Prince of Egypt modifies a Bible story

I recently re-watched the 1998 animated movie Prince of Egypt. I’ve always loved that movie, with its beautiful animation and awesome songs (it’s a bit of a musical). And that was all just as I remembered it, and just as moving. But there was one thing I noticed this time through that I don’t remember noticing before. Specifically, the movie has a significant plot change from the original Biblical story of Moses on which it is based.

The basic layout is that the Hebrews are slaves in Egypt, and the Hebrew baby Moses ends up being raised in the Egyptian Pharaoh’s household as some sort of a prince. As a young adult he leaves his royal heritage and moves to the agrarian land of Canaan and starts a family before being confronted by the God of the Hebrews and instructed to return to Egypt and free the Hebrew people from slavery. Moses returns but the Pharaoh refuses to free the Hebrews, so Moses uses God’s power to send plagues on the Egyptians until they finally give the Hebrews permission to leave. The Hebrews then leave Egypt, crossing the Red Sea and ultimately traveling to Canaan.

What is the plot change? It revolves around why the Egyptian Pharaoh refused to free the enslaved Hebrews. In the Old Testament, God “hardened pharaoh’s heart.” In Prince of Egypt, that part gets left out entirely. Instead, the pharaoh refuses to let the Hebrews go out of his own pride and a sort of sibling rivalry (in this telling, Moses grew up as a brother to the pharaoh). In the end, his own pride and stubbornness keeps him from freeing the Hebrews. 

Here is what God says to Moses before beginning the plagues on Egypt, as recorded in the Bible:

Exodus 7: 1-5

Then the LORD said to Moses, “See, I have made you like God to Pharaoh, and your brother Aaron will be your prophet. You are to say everything I command you, and your brother Aaron is to tell Pharaoh to let the Israelites go out of his country. But I will harden Pharaoh’s heart, and though I multiply my signs and wonders in Egypt, he will not listen to you. Then I will lay my hand on Egypt and with mighty acts of judgment I will bring out my divisions, my people the Israelites. And the Egyptians will know that I am the LORD when I stretch out my hand against Egypt and bring the Israelites out of it.”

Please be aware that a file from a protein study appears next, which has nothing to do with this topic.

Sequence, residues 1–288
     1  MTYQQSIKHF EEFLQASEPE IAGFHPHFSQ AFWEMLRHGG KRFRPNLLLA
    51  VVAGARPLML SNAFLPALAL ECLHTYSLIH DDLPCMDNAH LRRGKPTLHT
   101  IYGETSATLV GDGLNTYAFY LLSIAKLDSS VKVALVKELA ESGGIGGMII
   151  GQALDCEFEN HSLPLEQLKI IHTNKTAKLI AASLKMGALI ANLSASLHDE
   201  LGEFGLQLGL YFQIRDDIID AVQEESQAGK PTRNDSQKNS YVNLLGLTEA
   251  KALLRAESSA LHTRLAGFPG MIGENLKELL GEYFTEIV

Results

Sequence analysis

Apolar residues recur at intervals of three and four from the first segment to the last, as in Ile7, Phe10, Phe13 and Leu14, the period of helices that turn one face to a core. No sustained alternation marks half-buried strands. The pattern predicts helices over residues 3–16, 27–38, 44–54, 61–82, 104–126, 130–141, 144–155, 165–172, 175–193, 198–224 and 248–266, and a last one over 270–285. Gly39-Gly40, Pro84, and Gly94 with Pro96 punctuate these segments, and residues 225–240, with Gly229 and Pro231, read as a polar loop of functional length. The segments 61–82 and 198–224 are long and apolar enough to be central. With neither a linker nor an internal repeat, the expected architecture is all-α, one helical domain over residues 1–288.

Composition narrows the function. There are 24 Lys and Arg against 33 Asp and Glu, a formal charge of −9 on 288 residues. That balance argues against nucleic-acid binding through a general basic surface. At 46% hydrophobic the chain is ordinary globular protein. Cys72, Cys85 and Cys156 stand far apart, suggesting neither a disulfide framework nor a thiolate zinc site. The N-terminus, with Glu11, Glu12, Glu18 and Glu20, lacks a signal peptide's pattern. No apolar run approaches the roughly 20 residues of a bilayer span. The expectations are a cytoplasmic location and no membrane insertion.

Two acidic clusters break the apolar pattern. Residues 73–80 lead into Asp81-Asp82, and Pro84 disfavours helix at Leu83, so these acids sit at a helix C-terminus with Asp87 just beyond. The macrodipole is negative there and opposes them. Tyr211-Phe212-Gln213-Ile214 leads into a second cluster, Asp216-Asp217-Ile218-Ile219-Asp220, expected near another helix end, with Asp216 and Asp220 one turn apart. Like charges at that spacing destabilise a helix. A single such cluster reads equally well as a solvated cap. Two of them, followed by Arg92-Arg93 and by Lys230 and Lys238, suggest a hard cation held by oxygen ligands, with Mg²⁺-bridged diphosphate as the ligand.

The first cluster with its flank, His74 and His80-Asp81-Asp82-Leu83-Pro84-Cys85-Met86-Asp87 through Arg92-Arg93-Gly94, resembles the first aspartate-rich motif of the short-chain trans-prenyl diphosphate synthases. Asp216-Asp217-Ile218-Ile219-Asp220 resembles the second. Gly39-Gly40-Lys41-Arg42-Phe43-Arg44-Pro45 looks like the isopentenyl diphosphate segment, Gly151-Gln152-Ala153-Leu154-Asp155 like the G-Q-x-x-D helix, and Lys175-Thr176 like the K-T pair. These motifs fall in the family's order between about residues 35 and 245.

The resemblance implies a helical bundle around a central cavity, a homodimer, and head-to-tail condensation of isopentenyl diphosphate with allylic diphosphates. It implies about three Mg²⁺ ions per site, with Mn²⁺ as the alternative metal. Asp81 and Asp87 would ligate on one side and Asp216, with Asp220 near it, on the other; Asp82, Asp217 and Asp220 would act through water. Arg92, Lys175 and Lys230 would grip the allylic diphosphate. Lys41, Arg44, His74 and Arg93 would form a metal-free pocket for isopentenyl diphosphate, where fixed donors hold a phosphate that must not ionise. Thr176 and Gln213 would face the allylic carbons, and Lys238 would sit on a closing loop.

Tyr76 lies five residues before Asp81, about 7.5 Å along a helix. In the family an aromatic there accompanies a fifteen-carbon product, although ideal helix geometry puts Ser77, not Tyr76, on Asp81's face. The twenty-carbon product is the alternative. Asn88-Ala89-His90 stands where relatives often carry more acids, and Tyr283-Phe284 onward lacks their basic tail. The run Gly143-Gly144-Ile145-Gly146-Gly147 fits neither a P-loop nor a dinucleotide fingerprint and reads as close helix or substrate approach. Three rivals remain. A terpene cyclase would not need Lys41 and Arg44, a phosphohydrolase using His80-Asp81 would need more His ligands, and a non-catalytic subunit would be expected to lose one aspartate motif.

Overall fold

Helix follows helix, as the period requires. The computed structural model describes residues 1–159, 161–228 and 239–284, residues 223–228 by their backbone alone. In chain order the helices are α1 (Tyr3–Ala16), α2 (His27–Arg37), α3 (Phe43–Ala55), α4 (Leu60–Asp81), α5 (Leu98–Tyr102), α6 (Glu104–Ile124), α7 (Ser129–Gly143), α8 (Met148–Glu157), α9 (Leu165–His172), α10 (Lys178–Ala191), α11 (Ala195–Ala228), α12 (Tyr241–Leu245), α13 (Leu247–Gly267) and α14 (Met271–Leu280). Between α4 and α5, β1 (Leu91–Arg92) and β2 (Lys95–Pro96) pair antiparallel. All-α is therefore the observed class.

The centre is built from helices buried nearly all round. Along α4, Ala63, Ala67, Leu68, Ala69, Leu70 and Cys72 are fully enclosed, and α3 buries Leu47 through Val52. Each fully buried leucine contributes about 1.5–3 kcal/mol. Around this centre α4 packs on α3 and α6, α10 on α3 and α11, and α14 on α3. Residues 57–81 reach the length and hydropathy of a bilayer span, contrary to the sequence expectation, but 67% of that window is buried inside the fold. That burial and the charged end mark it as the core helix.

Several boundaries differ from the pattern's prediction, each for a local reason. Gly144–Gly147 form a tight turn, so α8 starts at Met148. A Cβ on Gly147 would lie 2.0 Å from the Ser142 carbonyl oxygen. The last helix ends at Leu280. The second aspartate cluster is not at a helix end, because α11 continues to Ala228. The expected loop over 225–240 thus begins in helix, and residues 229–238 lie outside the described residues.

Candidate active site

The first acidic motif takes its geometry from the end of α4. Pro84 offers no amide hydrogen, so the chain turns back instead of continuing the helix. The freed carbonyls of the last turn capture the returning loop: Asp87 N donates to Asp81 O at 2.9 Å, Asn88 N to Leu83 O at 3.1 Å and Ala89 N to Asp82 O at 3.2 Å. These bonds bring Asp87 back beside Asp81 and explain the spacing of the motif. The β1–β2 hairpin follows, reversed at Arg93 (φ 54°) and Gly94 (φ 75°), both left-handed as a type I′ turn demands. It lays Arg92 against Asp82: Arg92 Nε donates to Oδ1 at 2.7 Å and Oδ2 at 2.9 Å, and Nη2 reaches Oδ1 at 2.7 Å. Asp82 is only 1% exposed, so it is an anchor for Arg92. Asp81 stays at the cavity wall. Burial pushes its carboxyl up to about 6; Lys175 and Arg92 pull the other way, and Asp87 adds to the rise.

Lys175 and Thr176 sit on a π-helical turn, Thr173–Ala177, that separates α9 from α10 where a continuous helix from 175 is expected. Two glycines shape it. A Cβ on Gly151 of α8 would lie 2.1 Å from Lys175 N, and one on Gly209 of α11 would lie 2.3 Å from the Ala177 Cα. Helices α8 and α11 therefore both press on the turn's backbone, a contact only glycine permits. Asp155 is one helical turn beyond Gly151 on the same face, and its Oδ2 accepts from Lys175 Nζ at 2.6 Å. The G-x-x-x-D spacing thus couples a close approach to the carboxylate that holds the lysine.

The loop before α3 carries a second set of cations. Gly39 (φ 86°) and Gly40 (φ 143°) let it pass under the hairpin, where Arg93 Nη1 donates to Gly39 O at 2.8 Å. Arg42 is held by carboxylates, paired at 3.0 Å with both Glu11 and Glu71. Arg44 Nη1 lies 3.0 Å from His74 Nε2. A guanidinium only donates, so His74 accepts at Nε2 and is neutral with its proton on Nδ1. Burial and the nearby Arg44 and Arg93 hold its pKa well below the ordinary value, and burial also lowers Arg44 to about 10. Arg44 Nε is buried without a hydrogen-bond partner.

Even as an evangelical this story confused me. Why would God make someone do something and then punish him for it? The plagues upon Egypt included everything from boils to hail to, in the end, the death of every firstborn child, and from what the passage says, they weren’t necessary. If God hadn’t hardened pharaoh’s heart, the Hebrews would have been freed without this need for destruction.

A later Bible passage makes it clear why God does this:

Exodus 10: 1-2

Then the LORD said to Moses, “Go to Pharaoh, for I have hardened his heart and the hearts of his officials so that I may perform these signs of mine among them that you may tell your children and grandchildren how I dealt harshly with the Egyptians and how I performed my signs among them, and that you may know that I am the LORD.”

In other words, God wanted to show off. God wanted to do great “signs and wonders” to make a name for himself, never mind this involved making the ruler of Egypt into an automaton and reigning death on the kingdom. This doesn’t sound very much like the kind, loving, just, and merciful God of modern mainstream Christianity.

It’s really not surprising that Prince of Egypt leaves out the part about God “hardening” pharaoh’s heart. It does make me wonder. How often are the stories changed in movies based on Bible stories because of a need to make them more acceptable and smooth over the contradictions of the Biblical God?

Also, I know I have a few Jewish readers. I’d really appreciate knowing what the Jewish understanding of this passage is, as the Jewish understanding of the Old Testament often seems so completely foreign when compared to Christian understandings.

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About Libby Anne

Libby Anne grew up in a large evangelical homeschool family highly involved in the Christian Right. College turned her world upside down, and she is today an atheist, a feminist, and a progressive. She blogs about leaving religion, her experience with the Christian Patriarchy and Quiverfull movements, the detrimental effects of the "purity culture," the contradictions of conservative politics, and the importance of feminism.